The Bearable Lightness of Unbeing
Día de los Muertos returns to Maude Kerns
by Inka Bajandas
Death and laughter. Skeletons, marigolds, sugar and memory.
That’s what you’ll find at the Maude Kerns Art Center in the 15th annual Day of the Dead exhibit, featuring artwork and altars celebrating the Nov. 1 Mexican holiday. The exhibit showcases the work of artists from across the U.S. and altars from local groups as well.
|On Her Lap, by Erik R. Pearson|
|Jiga para los muertos, by Daniel Tuttle|
The 25 artists from nine states responded to a national call for art with a Día de los Muertos theme. Folklorist Susan Dearborn Jackson and art administrator Sandra Dominguez juried the show.
“There is wonderful artwork this year,” says Jackson, who curated the original Maude Kerns Day of the Dead show 15 years ago. “It’s a very lively show that brings out the best of Día de los Muertos.”
She emphasizes that the show is “an honoring and acknowledgement of the Latino/Hispanic community and their contribution to our changing culture.”
Scattered throughout the exhibit are altars created by local organizations and community members. The altars were put together by Amigos Multicultural Services Center, Amity Cleary-Evans and Rocio Díaz of Bag Ladies of the World, Elke Richers and Carmelita Thompson.
Juventud FACETA, the youth group of the Amigos, dedicated its altar to farm workers like 17-year-old Maria Isabel Vasquez Jimenez, who died in a heat wave this summer. “We are a group that promotes human rights and immigrant rights,” says FACETA advisor Patricia Cortez. “We dedicated our space to inform the community about issues that are usually invisible, to put a seed out there that these kind of atrocites exist.” (More info about farm workers and heat at the United Farm Workers’ website, www.ufw.org/heatregs)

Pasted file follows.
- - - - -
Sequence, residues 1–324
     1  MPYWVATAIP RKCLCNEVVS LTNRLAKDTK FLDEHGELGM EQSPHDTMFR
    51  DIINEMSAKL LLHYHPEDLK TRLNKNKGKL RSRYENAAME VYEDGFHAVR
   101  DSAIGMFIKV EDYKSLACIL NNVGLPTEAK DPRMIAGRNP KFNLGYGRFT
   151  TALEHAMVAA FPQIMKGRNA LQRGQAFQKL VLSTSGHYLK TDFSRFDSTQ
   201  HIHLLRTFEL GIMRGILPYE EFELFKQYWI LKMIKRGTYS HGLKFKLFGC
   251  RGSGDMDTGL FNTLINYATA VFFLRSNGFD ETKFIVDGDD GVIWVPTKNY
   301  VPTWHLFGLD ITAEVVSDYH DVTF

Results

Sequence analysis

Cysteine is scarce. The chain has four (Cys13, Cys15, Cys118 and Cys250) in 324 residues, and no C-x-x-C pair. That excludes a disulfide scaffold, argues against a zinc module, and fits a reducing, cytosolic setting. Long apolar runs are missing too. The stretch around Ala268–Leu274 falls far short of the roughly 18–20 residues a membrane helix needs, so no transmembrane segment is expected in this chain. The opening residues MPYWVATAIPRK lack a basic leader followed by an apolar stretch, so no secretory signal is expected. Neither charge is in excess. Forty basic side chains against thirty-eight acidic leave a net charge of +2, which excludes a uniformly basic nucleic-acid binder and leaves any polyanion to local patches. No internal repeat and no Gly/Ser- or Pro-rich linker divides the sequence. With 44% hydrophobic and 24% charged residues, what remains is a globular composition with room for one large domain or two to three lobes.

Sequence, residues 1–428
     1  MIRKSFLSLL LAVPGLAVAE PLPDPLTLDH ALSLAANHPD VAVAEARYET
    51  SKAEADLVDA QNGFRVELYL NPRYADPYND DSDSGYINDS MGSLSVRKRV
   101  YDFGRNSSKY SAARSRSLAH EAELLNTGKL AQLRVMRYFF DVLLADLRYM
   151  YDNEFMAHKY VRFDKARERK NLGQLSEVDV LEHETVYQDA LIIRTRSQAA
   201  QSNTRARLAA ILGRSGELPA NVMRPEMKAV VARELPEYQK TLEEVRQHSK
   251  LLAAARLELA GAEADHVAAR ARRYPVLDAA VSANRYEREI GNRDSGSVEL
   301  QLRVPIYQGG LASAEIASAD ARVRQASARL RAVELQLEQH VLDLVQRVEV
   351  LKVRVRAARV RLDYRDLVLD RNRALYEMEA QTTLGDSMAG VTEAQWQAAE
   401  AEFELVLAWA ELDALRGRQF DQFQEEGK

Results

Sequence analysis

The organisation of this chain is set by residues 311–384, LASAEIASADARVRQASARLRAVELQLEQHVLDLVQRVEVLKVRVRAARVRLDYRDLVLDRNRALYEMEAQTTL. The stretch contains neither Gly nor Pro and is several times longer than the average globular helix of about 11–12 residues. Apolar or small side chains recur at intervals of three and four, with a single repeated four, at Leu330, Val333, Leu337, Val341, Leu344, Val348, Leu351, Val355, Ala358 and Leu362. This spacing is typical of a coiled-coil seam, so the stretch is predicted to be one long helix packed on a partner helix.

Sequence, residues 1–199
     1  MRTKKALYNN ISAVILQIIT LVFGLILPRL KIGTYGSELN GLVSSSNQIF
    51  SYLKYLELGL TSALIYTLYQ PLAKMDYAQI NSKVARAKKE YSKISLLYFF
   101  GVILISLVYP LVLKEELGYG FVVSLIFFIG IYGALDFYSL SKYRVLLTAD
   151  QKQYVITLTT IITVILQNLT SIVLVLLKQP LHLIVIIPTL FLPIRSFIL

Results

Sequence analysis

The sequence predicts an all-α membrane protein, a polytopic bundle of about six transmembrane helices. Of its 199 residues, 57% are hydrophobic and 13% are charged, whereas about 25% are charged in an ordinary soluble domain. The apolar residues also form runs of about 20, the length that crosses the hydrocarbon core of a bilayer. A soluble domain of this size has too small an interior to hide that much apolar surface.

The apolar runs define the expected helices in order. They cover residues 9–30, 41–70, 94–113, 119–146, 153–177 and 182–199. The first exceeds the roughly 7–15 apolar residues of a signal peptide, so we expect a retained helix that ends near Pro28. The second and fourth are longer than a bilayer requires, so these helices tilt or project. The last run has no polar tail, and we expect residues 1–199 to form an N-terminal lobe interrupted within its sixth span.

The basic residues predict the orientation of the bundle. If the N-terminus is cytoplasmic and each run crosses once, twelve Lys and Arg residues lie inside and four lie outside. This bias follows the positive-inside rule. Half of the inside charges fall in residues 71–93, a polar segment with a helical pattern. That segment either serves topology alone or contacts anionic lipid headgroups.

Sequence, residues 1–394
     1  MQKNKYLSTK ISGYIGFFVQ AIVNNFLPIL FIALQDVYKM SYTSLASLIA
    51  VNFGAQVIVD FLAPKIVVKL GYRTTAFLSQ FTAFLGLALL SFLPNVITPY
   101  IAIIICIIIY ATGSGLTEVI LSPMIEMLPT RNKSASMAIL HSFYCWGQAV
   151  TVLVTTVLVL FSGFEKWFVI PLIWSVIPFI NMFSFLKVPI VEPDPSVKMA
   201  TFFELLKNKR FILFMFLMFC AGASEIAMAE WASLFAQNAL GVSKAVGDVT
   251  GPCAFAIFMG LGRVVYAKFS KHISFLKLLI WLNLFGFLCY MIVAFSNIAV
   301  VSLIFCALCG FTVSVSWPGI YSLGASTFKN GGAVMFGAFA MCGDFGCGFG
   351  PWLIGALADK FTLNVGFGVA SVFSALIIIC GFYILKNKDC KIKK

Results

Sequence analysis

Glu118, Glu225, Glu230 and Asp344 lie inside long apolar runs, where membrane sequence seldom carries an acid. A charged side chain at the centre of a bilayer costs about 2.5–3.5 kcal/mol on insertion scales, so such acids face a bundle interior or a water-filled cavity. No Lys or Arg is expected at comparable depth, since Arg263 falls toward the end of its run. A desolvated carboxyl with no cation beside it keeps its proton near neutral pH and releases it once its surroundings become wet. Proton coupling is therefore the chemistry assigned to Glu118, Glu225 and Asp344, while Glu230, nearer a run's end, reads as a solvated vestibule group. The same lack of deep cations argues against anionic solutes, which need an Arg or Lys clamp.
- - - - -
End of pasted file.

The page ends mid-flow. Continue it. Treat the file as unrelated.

The Bag Ladies of the World, a women’s group that has been around for decades and has spread to other areas, dedicated its altar to various mothers.
Jackson, a folklorist, has become an expert on the Day the Dead. “The Mexican culture has a very different relationship with death” from what has been typical in the U.S., she says. She says that artists in the show are not only drawing from contemporary celebrations of the Day of the Dead but also pre-Hispanic traditions. “Typically you see the iconography of the skulls and bones, but you also see that whimsical depiction of death,” she adds.
Local photographer Robin Cushman is exhibiting two photographs about her mother in the show. Her mother’s death, Cushman says, made her confront her own mortality and ponder the idea of being that much closer to her own death. Cushman says she has been very interested in Day of the Dead and how differently it addresses death than in white U.S. culture. “Día de los Muertos acknowledges death as part of the life cycle,” she says. “There’s a lightness about it and joyfulness.” Having been through the death of her mother, she says she understands that lightness and humor is also part of dying. “We laughed as much as cried,” she says.
Daniel Tuttle, an artist from Washington, created a plaster of Paris print depicting skeletons playing the violin and accordion. Tuttle, who is interested in Irish music, depicts Irish ancestors playing their traditional music. Catholics in Ireland celebrate All Souls’ Day on the same day as Día de los Muertos, so his piece, he says, is “Irishmen playing their version of the Day of the Dead.”
El Día de los Muertos/The Day of the Dead exhibit runs through Nov. 7 at Maude Kerns Art Center at 15th and Villard. 345-1571 for more info.